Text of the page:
Flatiron Helps Repair Colorado Flood-Damaged Floodplain

Approximately 25 Flatiron team members traveled to Estes Park, Colorado, the site of a devastating 2013 flood that is still causing problems for the local ecosystem. The volunteers, several of them interns, worked on simulated beaver structures. Flood currents devastated the original habitats, stealing surface water and then drying out habitats.

Did you know that beaver ponds are habitat for many insects, birds and fish species? Beavers are ecosystem engineers because they create, modify, and maintain habitat and ecosystems. They consequently have a large impact on the biodiversity of an area. The structures they create make for natural breaks in water channels, making flows more manageable and allowing the water more time to soak into the ground.

Our volunteers also planted 30 native, 10-gallon container plants and roughly 300 native tree stakes. Tree stakes, especially along stream banks, create a root mass that holds soil along the banks. Without a strong root mass, the soil is more likely to wash away during high waters, heavy rains and rapid snow melts. (source Penn State Extension)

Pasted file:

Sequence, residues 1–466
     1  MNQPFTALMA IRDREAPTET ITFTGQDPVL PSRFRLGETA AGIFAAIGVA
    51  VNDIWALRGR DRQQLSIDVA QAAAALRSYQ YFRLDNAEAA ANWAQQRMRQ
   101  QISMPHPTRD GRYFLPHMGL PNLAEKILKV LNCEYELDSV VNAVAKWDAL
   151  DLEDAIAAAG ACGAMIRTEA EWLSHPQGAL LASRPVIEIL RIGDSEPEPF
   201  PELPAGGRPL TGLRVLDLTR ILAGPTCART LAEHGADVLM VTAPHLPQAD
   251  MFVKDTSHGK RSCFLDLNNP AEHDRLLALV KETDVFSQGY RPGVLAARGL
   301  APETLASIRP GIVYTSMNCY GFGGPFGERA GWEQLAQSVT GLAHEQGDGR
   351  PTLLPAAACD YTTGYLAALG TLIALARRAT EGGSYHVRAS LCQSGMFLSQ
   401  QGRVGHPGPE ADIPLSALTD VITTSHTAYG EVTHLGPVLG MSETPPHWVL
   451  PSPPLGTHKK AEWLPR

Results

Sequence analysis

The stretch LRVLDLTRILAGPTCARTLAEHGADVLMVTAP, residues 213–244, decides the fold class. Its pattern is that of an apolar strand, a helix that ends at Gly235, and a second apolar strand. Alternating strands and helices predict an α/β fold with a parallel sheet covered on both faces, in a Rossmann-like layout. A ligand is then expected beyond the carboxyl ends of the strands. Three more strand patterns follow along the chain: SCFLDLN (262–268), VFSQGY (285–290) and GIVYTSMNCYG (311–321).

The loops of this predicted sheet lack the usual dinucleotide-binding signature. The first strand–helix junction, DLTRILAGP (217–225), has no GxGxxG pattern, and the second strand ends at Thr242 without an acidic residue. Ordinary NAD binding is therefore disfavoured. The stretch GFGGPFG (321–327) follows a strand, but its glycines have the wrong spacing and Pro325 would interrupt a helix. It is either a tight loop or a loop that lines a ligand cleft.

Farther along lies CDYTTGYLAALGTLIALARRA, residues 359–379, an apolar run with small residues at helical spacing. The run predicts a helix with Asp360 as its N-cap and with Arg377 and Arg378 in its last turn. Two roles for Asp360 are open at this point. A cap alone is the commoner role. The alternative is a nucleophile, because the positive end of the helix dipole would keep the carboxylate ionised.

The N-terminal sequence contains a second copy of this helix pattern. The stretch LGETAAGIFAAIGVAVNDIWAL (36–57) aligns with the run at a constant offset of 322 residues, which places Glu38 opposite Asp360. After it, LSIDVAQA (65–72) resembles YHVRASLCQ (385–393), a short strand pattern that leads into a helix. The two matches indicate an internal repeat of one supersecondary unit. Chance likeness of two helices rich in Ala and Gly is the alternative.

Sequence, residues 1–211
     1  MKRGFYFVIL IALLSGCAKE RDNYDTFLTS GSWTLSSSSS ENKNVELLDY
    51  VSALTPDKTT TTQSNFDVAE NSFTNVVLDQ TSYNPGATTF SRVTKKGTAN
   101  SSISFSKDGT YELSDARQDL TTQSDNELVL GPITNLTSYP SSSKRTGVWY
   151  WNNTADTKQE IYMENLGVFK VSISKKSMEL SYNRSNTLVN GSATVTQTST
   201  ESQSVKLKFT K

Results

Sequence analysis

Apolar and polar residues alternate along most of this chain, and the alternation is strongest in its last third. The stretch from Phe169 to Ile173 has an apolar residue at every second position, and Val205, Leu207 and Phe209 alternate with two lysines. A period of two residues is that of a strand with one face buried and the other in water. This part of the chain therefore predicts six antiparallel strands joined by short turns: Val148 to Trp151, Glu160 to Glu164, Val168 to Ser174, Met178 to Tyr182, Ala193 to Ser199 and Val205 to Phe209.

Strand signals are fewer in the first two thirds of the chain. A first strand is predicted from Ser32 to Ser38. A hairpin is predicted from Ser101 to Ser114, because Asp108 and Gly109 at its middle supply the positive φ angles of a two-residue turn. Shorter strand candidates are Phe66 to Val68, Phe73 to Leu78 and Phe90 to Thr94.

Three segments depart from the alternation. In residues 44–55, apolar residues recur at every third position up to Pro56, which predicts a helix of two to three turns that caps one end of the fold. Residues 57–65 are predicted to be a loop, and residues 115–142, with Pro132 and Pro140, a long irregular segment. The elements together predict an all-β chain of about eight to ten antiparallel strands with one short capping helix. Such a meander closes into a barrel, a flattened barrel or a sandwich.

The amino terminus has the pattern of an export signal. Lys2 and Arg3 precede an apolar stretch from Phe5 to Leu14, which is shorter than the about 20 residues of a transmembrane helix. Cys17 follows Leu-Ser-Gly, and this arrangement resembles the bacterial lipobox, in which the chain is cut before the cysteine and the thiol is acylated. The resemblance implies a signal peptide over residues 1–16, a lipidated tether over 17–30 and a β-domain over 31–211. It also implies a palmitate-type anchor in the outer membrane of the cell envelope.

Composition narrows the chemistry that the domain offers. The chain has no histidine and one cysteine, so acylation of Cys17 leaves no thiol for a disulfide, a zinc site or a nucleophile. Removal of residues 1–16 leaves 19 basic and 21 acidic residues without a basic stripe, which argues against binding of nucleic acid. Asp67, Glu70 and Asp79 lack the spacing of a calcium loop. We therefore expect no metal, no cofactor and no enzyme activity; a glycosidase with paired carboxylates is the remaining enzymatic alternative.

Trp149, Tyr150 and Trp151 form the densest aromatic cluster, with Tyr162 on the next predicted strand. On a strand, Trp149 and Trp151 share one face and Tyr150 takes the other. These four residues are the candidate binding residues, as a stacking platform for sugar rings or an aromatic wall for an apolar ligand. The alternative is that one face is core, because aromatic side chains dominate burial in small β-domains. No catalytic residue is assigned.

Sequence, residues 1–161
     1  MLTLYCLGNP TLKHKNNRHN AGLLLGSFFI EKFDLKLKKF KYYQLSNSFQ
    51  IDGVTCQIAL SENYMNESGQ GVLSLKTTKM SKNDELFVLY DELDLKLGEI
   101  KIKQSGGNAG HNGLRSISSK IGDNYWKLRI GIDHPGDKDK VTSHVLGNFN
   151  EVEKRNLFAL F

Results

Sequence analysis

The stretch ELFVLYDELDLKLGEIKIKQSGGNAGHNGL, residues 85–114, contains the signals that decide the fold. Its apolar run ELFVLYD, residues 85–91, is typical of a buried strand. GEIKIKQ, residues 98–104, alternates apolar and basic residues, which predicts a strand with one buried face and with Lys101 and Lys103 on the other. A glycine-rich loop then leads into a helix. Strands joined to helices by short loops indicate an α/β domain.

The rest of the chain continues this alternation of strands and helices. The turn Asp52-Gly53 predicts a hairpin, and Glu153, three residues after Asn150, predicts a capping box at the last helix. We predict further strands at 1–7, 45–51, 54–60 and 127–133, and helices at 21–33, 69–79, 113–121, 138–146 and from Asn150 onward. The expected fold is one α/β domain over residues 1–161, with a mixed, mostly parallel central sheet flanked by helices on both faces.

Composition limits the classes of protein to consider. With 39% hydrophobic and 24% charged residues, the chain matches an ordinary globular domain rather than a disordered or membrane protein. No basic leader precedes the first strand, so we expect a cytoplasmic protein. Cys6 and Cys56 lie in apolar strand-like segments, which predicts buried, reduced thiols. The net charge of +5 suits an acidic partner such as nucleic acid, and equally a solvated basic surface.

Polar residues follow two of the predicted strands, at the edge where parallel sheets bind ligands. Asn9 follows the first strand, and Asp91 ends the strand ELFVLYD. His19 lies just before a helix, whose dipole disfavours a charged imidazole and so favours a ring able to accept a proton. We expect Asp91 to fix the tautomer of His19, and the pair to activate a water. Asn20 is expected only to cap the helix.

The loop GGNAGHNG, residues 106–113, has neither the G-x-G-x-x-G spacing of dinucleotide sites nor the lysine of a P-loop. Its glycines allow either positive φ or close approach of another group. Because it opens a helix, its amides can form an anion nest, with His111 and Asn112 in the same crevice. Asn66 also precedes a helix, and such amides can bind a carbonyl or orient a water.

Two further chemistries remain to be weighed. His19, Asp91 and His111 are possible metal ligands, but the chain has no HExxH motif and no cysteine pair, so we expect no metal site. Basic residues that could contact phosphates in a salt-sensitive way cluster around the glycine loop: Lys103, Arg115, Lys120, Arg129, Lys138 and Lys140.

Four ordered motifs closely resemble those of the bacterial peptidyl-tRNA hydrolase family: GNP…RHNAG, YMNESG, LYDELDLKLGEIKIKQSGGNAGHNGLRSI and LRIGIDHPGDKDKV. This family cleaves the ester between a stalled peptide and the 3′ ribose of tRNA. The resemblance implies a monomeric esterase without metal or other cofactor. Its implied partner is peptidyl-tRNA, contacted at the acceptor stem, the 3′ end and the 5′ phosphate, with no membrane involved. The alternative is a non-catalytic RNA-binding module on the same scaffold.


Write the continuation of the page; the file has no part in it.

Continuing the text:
According to the Estes Valley Watershed Coalition, Flatiron’s partner in the service project, the goal is to restore the local floodplain, bring back wildlife and make it more resilient to fire and flooding. Miranda Patrick helped organize the service project. “We’re a construction company that builds things, but we also care very much about the nature around us,” she said. “This was a great experience to come out and do this.”

The service project is one example of how Flatiron is following through on our sustainability commitment to protect biodiversity and build stronger ecosystems.

Learn more about what we did in this Estes Park Trail Gazette article.

Previous Article
ENR Spotlights Flatiron as Mountain States “Contractor of the Year”
Next Article
Dee Patriquin Named TWS Fellow